Whales could face sonar threat
The imperiled right whale might soon have more to watch out for than containerships.
The U.S. Navy has come back with a new proposal to build a massive sonar training range along the ocean bottom off the Southeast coast, after the first plan was opposed by wildlife agencies and conservation groups worried about the whales and other marine species.
The second proposal isn't much different from the first. Using "new science" to study environmental impact, the Navy has concluded again that the 575-square mile grid of sonar noisemaking devices wouldn't do any more than temporarily disrupt the whales.
"The environmental impact study does show there are some behavioral reactions to sound. But the effects are low level and temporary. There's no permanent damage," said Jene Nissen, study projects manager.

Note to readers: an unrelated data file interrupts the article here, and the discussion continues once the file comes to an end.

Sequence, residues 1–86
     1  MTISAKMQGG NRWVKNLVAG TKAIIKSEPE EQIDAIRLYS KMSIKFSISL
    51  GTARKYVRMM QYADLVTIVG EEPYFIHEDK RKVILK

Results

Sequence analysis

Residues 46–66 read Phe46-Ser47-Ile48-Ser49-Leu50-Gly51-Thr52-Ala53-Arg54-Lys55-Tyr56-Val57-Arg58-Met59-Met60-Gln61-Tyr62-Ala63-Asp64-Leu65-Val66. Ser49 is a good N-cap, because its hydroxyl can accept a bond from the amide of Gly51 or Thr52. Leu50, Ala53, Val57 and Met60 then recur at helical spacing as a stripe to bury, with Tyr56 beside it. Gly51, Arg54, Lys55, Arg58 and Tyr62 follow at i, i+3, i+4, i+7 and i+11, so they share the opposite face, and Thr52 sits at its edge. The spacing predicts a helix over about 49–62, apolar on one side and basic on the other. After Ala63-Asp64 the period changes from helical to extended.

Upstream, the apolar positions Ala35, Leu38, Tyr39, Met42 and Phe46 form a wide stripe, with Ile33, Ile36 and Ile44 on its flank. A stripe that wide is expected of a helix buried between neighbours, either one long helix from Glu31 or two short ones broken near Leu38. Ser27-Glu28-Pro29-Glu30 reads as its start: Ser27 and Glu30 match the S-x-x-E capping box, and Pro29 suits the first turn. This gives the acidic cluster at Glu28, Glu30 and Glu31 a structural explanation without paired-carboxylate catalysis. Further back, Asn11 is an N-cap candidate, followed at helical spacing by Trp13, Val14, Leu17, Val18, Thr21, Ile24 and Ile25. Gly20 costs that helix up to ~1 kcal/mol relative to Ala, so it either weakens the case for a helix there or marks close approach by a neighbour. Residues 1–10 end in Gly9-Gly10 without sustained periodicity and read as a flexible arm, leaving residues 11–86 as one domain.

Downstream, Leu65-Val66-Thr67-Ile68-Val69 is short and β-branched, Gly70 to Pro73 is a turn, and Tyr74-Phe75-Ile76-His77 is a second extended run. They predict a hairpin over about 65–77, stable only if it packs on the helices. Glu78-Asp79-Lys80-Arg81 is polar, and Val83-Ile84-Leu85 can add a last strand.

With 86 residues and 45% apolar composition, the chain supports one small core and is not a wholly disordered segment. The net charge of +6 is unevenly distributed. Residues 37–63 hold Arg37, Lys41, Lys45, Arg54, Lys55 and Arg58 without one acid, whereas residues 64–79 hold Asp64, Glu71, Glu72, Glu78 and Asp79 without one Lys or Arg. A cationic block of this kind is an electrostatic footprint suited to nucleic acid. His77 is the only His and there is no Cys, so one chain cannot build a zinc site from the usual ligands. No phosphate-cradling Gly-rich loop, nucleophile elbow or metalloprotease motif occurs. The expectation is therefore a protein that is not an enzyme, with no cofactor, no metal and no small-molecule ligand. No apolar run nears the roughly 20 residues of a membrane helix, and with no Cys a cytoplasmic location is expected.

Conservationists worry that sonar and other man-made noises could be deafening and frighten the whales into lethal beach strandings and rapid surfacing. Whales are thought to communicate and navigate using whistles and echoes like sonar. The new Navy study follows a 2006 study that met solid opposition from conservation and fishing groups.
The Navy's continuing position that sonar doesn't damage whales, despite scientific studies proving otherwise, "is almost stupefying," said Michael Jasny, of the environmental advocate Natural Resources Defence Council. With the National Oceanic and Atmospheric Administration about to slow down shipping to protect the species, "something doesn't compute," he said.
The new study moves the Navy's "preferred location" from off North Carolina, where three dozen whales of different species beached and died on the Outer Banks in 2005 after sonar blasts offshore, to off Jacksonville, Fla., considered the heart of the winter calving grounds. The ocean off Charleston is one of two other alternatives in both studies.
Jacksonville is preferred because it's closer to helicopter bases whose anti-submarine equipment would be used in training, Nissen said. The range would also start 30 nautical miles farther out to sea than the designated critical habitat for the whale.
Public hearings on the environmental impact statement will be held in four cities, including Charleston on Oct. 6.